Enter Globalscape and their award winning Wide Area File Services product as a key component in alleviating many of these collaboration challenges. Globalscape’s WAFS is multi-directional flexible replication and collaboration software that allows organizations to share their files between multiple offices and leverage Windows native file locking to provide a LAN experience over the WAN. By adding a feature set that includes byte-level differencing, Unicode support, encryption, and compression, WAFS is able to allow different offices who speak different languages to collaborate on complex file types of extreme size.
WAFS - Only One Of Its Kind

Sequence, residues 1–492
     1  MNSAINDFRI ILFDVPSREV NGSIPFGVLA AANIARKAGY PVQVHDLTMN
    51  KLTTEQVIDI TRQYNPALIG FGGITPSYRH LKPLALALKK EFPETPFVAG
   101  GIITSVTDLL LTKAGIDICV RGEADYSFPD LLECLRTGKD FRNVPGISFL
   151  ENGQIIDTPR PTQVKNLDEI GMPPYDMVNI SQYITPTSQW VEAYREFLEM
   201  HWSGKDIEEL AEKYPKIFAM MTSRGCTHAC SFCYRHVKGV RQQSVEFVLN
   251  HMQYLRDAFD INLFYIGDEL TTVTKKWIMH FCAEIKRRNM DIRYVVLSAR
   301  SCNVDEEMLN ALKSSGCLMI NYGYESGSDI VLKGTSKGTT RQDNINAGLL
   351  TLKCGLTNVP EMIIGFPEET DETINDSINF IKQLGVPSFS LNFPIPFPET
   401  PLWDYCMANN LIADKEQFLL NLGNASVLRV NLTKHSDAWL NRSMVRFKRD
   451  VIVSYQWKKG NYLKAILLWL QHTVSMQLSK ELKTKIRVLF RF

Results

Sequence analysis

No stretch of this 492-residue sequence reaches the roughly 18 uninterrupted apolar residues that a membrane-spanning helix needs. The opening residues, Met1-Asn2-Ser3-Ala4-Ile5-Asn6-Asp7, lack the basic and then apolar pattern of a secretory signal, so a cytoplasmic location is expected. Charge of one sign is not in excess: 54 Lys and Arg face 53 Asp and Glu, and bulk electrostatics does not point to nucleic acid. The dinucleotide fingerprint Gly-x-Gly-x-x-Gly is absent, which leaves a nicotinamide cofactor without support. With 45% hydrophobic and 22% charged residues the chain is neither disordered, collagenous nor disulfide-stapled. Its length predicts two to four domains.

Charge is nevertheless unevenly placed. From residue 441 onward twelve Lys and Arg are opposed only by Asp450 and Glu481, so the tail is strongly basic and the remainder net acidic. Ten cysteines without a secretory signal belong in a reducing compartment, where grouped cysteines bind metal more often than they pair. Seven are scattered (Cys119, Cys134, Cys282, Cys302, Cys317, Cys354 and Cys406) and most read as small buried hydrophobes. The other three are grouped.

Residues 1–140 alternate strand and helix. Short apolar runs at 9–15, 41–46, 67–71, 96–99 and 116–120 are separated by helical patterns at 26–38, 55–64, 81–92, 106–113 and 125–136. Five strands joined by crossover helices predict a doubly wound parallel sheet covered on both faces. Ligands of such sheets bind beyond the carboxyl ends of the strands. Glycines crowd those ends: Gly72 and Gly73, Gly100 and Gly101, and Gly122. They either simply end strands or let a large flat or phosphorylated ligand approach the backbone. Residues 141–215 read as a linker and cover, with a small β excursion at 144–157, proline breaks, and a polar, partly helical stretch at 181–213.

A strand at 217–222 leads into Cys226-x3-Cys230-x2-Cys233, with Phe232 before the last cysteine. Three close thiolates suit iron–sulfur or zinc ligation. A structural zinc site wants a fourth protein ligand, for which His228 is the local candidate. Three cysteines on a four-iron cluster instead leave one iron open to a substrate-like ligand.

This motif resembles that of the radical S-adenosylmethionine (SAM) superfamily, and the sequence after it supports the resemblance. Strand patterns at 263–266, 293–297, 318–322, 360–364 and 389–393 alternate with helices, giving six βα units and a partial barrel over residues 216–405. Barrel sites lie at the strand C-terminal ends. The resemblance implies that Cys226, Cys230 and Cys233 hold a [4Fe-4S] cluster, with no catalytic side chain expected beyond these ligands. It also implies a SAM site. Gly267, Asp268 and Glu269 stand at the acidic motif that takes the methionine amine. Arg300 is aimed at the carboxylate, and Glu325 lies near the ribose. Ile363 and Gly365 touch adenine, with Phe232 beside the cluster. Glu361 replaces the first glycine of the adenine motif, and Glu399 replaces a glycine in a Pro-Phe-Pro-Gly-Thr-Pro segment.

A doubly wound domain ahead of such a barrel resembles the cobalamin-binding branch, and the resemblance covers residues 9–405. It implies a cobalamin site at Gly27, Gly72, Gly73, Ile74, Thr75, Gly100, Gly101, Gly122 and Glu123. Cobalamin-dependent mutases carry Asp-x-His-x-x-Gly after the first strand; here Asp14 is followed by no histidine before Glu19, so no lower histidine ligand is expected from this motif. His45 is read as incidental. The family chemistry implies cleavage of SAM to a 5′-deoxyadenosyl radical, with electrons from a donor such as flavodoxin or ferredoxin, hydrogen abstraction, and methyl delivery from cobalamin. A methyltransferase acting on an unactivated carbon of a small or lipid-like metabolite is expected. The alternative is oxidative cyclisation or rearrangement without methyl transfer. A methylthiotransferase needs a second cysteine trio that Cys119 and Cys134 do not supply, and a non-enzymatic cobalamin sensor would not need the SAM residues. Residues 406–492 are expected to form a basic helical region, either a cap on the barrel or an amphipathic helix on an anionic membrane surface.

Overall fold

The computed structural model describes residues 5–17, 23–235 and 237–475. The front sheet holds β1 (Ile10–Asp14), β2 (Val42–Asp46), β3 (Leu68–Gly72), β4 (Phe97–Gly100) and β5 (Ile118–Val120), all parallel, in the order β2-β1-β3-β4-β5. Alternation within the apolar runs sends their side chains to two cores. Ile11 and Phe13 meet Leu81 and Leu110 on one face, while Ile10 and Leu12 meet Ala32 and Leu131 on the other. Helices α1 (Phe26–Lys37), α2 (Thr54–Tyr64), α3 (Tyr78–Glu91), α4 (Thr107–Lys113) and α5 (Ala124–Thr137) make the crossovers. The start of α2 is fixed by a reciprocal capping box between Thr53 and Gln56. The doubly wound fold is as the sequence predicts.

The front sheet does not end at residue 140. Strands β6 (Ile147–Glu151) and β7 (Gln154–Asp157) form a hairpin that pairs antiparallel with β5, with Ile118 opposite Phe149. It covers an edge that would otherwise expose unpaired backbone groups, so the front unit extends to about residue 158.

WAFS’ unique value is the ability to allow sharing and collaboration of Autodesk’s AutoCAD and Revit across multiple locations spread throughout the world. There is no other software product on the market that can provide this functionality for both of these software packages within the same solution. AutoCAD is an industry-standard, two-dimensional design tool, while Revit is the leader in the three-dimensional design world. Revit also allows design engineers to design not just buildings, but entire locations collaboratively. Revit brings Building Information Modeling (BIM) effortlessly into the equation. BIM is a process involving the generation and management of digital representations of the physical and functional characteristics of a facility. The resulting building information models become shared knowledge resources to support decision making about a facility from earliest conceptual stages, through design and construction, and on through its operational life and eventual demolition. (This link explains ten of the benefits of BIM and sheds light on why it is critical to use this method on a project this size.) Keep in mind each of the new locks on the canal have about 20 sub-buildings and structures, each all connected with interconnected plumbing and electrical systems. The coordination involved is truly on a large scale.